|42||Gwinn, A., "Simple Network Paging Protocol-Version 3-Two-Way Enhanced," Network Working Group, Request For Comments: 1851, Obsoletes: 1645, Category: Informational Oct. 1995, pp. 1-23.|
|43||Halberg, B., Using Microsoft Excel 97, Bestseller Edition, 1997, pp. 19, 55, 81, 87, 107, 144, 159, 167, 177, 268, 269, 271, 275, 287, 417, 419, 431 and 638, QUE Corporation.|
|44||Howlett, Dennis and Keith Rodgers, "Delivering Value Back to the Business: A Guide to Successful Portal Selection and Implementation", Tibco Software, 2002.|
|45||Hugh J. Watson, "Recent Developments in Data Warehousing", Communications of the Association for Information Systems, vol. 8, 2001.|
|46||Jake Howlett, "Further Control of Printing," Codestore, Jan. 3, 2002.|
|47||Jan Smith, "Browser Basics: Printing", Feb. 3, 2003.|
|48||Karn, P. et al., "The ESP Triple DES Transform," Network Working Group, Request For Comments: 1851, Category: Experimental, Sep. 1995, pp. 1-11.|
|49||Mark Day et al., "A Model for Presence and Instant Messaging", Network Working Group, Request for Comments 2778, The Internet Society, Feb. 2000.|
|50||Mark Handley et al., "SIP: Session Initiation Protocol", Network Working Group, Request for Comments 2543, The Internet Society, Mar. 1999.|
|51||Michael Tsai, "The Personal Computing Paradigm", ATPM Inc., 1998.|
|52||Microsoft Excel 2000, published by Microsoft in 1999, screen captures, 12 pages.|
|53||Microsoft Excel Print Screen Images (figs. 1-6), 6 pages.|
|54||Moran, Brian and Russ Whitney, "Getting to Know OLAP and MDX", Windows IT Pro, Instant Doc. #5112, Apr. 1999.|
|55||Movva, R. et al., "MSN Messenger Service 1.0 Protocol," Instant Messaging and Presence Protocol, Internet Draft, Category: Informational, Document: draft-movva-msn-messenger-protocol-00.txt, Aug. 1999, pp. 1-19.|
|56||Nicolas Pioch, "A Short IRC Primer", Jan. 1, 1997.|
|57||Oikarinen, J. et al., "Internet Relay Chat Protocol," Network Working Group, request for Comments: 1459, May 1993, pp. 1-58.|
|58||Perfetti, Christine and Jared M. Spool, "Macromedia Flash: A New Hope for Web Applications", User Interface Engineering, 2002.|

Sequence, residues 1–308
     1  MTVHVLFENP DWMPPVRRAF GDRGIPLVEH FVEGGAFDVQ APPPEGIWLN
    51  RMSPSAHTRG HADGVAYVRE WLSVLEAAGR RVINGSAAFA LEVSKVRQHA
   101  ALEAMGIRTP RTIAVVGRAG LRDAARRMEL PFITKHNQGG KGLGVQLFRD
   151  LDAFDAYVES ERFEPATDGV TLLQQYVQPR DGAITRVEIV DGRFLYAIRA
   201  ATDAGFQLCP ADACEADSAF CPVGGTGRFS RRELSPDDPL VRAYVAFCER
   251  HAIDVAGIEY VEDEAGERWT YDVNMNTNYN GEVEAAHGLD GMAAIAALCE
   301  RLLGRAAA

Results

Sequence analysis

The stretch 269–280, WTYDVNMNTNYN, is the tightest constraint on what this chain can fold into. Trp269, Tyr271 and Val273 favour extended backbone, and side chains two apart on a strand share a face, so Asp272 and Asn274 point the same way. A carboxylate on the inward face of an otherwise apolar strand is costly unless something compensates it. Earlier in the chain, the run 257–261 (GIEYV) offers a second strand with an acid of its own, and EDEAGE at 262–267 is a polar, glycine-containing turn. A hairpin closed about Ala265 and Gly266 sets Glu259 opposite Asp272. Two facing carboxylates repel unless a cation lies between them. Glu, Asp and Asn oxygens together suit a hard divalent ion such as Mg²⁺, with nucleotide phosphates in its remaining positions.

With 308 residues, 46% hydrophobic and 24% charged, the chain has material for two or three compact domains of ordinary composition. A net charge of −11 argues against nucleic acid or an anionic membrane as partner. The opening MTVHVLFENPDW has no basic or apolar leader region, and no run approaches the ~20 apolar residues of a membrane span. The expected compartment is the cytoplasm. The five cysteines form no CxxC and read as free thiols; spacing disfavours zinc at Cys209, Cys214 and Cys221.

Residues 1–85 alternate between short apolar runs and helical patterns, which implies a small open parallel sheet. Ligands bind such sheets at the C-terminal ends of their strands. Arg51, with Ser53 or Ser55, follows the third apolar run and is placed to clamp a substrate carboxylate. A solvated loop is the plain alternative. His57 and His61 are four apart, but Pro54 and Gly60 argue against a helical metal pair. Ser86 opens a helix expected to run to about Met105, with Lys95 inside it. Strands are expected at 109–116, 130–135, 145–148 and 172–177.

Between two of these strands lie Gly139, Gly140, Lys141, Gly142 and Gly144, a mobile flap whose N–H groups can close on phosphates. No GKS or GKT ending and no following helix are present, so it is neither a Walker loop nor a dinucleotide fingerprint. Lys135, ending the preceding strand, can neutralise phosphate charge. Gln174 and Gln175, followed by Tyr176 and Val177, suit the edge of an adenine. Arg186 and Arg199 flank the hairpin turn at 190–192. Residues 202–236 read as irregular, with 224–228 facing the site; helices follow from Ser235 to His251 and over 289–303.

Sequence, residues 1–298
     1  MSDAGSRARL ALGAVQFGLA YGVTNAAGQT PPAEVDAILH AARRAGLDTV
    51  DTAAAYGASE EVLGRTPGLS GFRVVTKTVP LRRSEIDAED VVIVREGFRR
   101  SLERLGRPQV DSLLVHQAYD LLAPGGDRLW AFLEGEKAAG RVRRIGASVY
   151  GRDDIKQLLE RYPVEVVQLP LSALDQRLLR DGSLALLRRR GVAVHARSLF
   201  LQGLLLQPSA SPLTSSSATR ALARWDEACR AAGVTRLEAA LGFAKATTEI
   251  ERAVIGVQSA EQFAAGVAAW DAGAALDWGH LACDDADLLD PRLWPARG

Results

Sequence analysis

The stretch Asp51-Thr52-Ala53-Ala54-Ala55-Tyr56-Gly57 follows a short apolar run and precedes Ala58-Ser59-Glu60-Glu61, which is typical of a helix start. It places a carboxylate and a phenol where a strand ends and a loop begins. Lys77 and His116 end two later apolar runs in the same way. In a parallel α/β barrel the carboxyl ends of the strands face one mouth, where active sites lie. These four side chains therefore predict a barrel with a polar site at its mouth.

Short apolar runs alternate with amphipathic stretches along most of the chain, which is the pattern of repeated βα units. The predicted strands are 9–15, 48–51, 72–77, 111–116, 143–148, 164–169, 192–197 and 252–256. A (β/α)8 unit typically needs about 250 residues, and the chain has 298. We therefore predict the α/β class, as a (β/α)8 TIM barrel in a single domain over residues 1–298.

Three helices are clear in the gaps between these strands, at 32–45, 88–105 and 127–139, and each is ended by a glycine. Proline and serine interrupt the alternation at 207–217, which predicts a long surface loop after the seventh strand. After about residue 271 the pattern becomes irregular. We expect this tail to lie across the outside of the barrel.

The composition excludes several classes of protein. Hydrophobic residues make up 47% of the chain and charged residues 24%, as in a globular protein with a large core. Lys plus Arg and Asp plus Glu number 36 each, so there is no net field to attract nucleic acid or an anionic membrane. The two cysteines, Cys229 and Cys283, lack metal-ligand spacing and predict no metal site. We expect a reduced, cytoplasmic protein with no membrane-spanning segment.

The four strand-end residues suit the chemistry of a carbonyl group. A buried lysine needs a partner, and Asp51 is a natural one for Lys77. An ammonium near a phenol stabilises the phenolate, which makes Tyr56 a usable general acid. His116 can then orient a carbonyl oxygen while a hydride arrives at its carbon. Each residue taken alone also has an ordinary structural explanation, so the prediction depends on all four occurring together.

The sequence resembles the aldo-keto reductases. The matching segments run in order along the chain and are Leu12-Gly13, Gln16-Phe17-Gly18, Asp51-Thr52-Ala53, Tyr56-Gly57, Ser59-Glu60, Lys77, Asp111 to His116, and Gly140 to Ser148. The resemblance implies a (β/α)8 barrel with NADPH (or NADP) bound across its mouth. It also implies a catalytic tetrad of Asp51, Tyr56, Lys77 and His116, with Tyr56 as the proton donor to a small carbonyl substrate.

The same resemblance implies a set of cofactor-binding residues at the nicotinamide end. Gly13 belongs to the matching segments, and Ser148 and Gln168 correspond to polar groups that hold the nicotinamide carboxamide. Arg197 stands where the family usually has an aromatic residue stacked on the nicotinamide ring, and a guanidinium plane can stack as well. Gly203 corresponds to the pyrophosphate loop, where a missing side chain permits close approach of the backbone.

|59||Randy Corke, "Keeping Data Warehouses Current: Automating Incremental Updates With Data Movement", DM Direct, May 1999.|
|60||Richardson, T. et al., "The RFB Protocol," Jan. 1998(revised Jul. 16, 1998), pp. 1-26, Version 3.3, ORL, Cambridge.|
|61||Stephen Brewster, "Windowing Systems", Glasgow Interactive Systems Group, 2001.|
|62||Steve Cimino, "How Can I Print a Web Page in ASP?", Internet.Com Corp., posted Jul. 27, 2001.|
|63||Thomas Loo and Martin Honnen, "How Can I Print a Document That is not Currently Loaded Into a Frame or Window," Synop Software, Apr. 24, 2002.|
|64||Ünal, A., "Electronic Commerce and Multi-enterprise Supply/Value/Business Chains," Information Sciences, Aug. 2000, pp. 63-68, vol. 127, Issues 1-2, NH Elsevier.|
|65||Wang, Wenjie and Jiaying Pan, "Instant Messaging Insight", Computer Science Department, New York University, Nov. 22, 2000.|
|66||Web page; "Introduction to Dynamic HTML," at URL=http://msdn2.microsoft.com/en-us/library/ms533044(d=printer).aspx; printed Jul. 17, 2007; 7 pages.|
|67||Web page; Bray, T, et al., "Extensible Markup Language (XML) 1.0," Oct. 6, 2000, Second Edition, at URL=http://www.w3.org/TR/2000?REC-xml-20001006 printed Jul. 17, 2007; 58 pages.|
| || |
|U.S. Classification||1/1, 709/223, 707/E17.032, 707/999.01, 707/999.101, 707/999.104, 707/999.103, 707/999.102|
|International Classification||G06F17/30, G06F17/00, G06F7/00|
|Cooperative Classification||Y10S707/99943, Y10S707/99942, Y10S707/99945, Y10S707/99944, G06Q10/10, G06F17/30557|
|European Classification||G06Q10/10, G06F17/30S5|
|Nov 13, 2002||AS||Assignment|
Owner name: ITERATION SOFTWARE, INC., CALIFORNIA
Free format text: ASSIGNMENT OF ASSIGNORS INTEREST;ASSIGNORS:POWERS, CRAIG R.;GARDNER, KENNETH C.;REEL/FRAME:013488/0429
Effective date: 20021031
|Nov 30, 2007||AS||Assignment|
Owner name: ISTANTE SOFTWARE, INC., CALIFORNIA
Free format text: CHANGE OF NAME;ASSIGNOR:ITERATION SOFTWARE, INC.;REEL/FRAME:020184/0271
Effective date: 20040521
|Jan 30, 2008||AS||Assignment|
Owner name: ORACLE INTERNATIONAL CORPORATION, CALIFORNIA
Free format text: ASSIGNMENT OF ASSIGNORS INTEREST;ASSIGNOR:ISTANTE SOFTWARE, INC.;REEL/FRAME:020439/0958
Effective date: 20080117
|Apr 27, 2010||CC||Certificate of correction|
|Apr 25, 2012||FPAY||Fee payment|
Year of fee payment: 4